Plea for new hospital as roof problems force patients to be sent away
- Credit: QEH
West Norfolk needs a brand new hospital. This is the message from bosses at the Queen Elizabeth Hospital in King's Lynn, as they revealed the building's roof has forced them to send critical care patients dozens of miles away for treatment.
The Queen Elizabeth Hospital, in King's Lynn has 131 props in place holding up its roof including in its critical care unit, physio gym and birthing suite to ensure it can continue safely.
Chief executive Caroline Shaw and chairman Prof Steve Barnett spoke of the ongoing issues which have been of "heightened concern" for the trust, with 51 new props added in the last 10 weeks.
Mrs Shaw said: "There is an absolutely huge need to maintain that programme of work to do some interim development to keep us safe. We absolutely do need a new hospital, I make no bones about it."
She said it was "very difficult" as safety checks required areas to be out of action while work was carried out, adding: "That came to a crescendo last week when we had to close our intensive care unit to enable us to prop it.
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"Part of the physio gym is closed, and part of it is open and that is what we are dealing with, hospital patients do not go away when these things are happening and we still have to deliver services."
On March 11, the hospital declared a critical incident over its roof which closed its critical care unit resulting in the cancellation of elective surgeries and on a "number of occasions" critical care patients had been stabilised at the QEH before transported to Norwich or Cambridge.
Mrs Shaw said: "It is about maintaining safety but to the families if you live locally it is hugely disappointing that your relative is down the road some 50 to 60 miles away.
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"First and foremost is the safety of our patients and our staff, we brought in a plan where we decanted into theatre recovery and into theatre. Running a hospital you do have to maintain some form of critical care because patients need it.
"The downside is, by introducing that we have to cancel some of our elective programme because it is about space and about people and that has meant as we're moving into restoration and recovery it has been hugely disappointing for some of our patients as we have not been able to do that surgery."
The hospital set out its case last year that a decade or repair works would cost £536m, while a new build would cost around £636m.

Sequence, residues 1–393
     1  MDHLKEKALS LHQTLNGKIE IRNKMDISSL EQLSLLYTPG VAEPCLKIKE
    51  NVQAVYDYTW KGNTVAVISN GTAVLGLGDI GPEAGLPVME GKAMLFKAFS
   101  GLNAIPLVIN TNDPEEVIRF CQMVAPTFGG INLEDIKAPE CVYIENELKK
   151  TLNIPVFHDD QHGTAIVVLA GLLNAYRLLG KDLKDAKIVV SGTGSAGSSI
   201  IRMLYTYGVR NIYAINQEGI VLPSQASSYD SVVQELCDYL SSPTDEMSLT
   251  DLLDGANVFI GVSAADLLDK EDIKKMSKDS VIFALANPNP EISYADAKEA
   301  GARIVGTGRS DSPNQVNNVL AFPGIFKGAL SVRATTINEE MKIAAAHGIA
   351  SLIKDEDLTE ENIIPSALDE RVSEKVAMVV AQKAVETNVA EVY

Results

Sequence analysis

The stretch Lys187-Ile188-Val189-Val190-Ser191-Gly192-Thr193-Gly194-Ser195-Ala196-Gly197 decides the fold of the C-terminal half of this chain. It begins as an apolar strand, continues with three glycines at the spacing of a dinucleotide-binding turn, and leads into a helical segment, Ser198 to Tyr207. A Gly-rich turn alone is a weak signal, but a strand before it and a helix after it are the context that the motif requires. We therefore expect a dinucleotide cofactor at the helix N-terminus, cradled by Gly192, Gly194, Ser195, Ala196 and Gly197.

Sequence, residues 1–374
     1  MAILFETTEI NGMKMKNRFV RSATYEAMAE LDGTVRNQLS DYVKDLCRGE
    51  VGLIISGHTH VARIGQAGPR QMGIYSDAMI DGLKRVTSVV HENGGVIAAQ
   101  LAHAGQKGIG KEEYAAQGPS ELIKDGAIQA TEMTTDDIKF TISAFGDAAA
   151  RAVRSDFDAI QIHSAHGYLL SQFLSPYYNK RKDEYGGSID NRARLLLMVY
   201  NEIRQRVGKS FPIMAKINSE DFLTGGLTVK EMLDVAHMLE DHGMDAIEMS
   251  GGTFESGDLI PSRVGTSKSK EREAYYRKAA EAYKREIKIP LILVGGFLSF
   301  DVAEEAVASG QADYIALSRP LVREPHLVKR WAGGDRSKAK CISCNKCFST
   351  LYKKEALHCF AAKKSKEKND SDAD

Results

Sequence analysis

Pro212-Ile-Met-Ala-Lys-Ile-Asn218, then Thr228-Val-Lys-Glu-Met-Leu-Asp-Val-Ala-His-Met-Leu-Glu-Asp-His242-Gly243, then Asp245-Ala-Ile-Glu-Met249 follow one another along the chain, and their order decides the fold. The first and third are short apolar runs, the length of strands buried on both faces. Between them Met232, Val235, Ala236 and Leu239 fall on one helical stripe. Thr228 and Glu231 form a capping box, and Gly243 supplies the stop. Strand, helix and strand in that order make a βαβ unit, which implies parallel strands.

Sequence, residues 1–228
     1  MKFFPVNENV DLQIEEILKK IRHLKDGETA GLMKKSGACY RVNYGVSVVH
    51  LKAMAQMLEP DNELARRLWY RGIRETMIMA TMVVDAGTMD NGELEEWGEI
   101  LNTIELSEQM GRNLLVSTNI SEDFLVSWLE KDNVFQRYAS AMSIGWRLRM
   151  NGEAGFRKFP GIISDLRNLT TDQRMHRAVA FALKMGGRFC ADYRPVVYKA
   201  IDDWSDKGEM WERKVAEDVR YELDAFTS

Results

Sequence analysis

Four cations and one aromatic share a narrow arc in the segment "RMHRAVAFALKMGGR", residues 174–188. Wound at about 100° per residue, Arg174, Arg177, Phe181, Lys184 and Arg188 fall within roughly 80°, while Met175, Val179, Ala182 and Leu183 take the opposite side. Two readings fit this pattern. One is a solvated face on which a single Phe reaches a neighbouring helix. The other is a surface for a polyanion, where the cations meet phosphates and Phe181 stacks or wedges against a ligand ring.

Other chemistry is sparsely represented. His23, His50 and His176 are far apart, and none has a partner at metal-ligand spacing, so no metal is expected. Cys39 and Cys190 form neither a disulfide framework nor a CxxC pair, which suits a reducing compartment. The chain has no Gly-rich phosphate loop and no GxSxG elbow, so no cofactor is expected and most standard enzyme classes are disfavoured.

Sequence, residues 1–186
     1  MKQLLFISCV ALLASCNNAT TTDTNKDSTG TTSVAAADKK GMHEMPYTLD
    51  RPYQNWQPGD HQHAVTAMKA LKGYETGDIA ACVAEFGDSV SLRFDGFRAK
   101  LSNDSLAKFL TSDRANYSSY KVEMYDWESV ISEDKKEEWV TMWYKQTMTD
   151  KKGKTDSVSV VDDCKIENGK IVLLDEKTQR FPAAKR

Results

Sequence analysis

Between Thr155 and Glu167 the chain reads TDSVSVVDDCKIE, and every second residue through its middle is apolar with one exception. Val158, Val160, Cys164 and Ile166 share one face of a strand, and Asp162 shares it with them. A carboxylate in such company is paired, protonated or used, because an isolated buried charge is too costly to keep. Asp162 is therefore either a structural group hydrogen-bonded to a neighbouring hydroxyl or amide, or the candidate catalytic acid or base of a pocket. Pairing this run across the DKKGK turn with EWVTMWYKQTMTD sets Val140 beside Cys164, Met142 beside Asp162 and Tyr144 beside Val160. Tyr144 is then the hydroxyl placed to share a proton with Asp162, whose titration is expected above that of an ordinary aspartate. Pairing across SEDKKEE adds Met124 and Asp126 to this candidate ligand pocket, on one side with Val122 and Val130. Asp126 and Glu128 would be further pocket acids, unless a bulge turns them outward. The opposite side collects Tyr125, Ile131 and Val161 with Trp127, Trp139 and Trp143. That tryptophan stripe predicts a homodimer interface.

The trust's dream is funding for a new hospital was secured is to create a health care campus with primary and community care services nearby and some retail.
Prof Barnett said: "It's not just the case of a new hospital being required because of the roof and the walls. It's an opportunity for us to provide the sorts of services in modern environments that the patients that we treat and their families and our staff deserve.
"It's beginning to show its age in a number of ways and in some respects in ways that are quite potentially dangerous for patients and staff using the facilities.
"We are not providing unsafe care. It is consistently safe and high quality. One of our risks that we are managing effectively at the moment relates to the condition of the roof in certain parts of the building."
At a meeting of Norfolk's health and overview and scrutiny committee last Thursday, members agreed to lobby local MPs and the Department for Health and Social Care to support the rebuild after the QEH was missed off the list of 40 hospitals to be rebuilt in the coming years.
On the wishlist for the chief executive is more day care facilities, ambulatory care for cardiac patients and more flexibility in ward areas as the proposed build would not be "like for like".
Mrs Shaw said: "There's absolutely huge opportunity to do things differently which would help with the demand, the management of waiting lists and improve clinical outcomes. It would improve staff satisfaction.
"Having come from brand new hospitals in the past working in such crumbly environments isn't conducive.
"This isn't just about a hospital this is about a community and about delivery of care and we are very clear about that."
Last week, the government granted £20.6m to the hospital for repair works but further considerations are not expected to take place until November.
Mrs Shaw said at a time when nationally cash was tight the hospital was delighted to receive funding, but it would not stop them presenting their case.
"Common sense and common logic would say the preface should be a new build," she said,
"We need £20.6m just to keep checking, proping and making the hospital safe and building accommodation that we can do this decant areas.
"We have a really clear programme to keep us safe to continue that until we get new facilities."
A Department of Health and Social Care spokesperson said it will shortly announce criteria for eight schemes to be included in the new hospital programme.
The spokesman said: “We fully recognise the need to invest in improving health infrastructure across the country, including where Trusts have identified significant issues."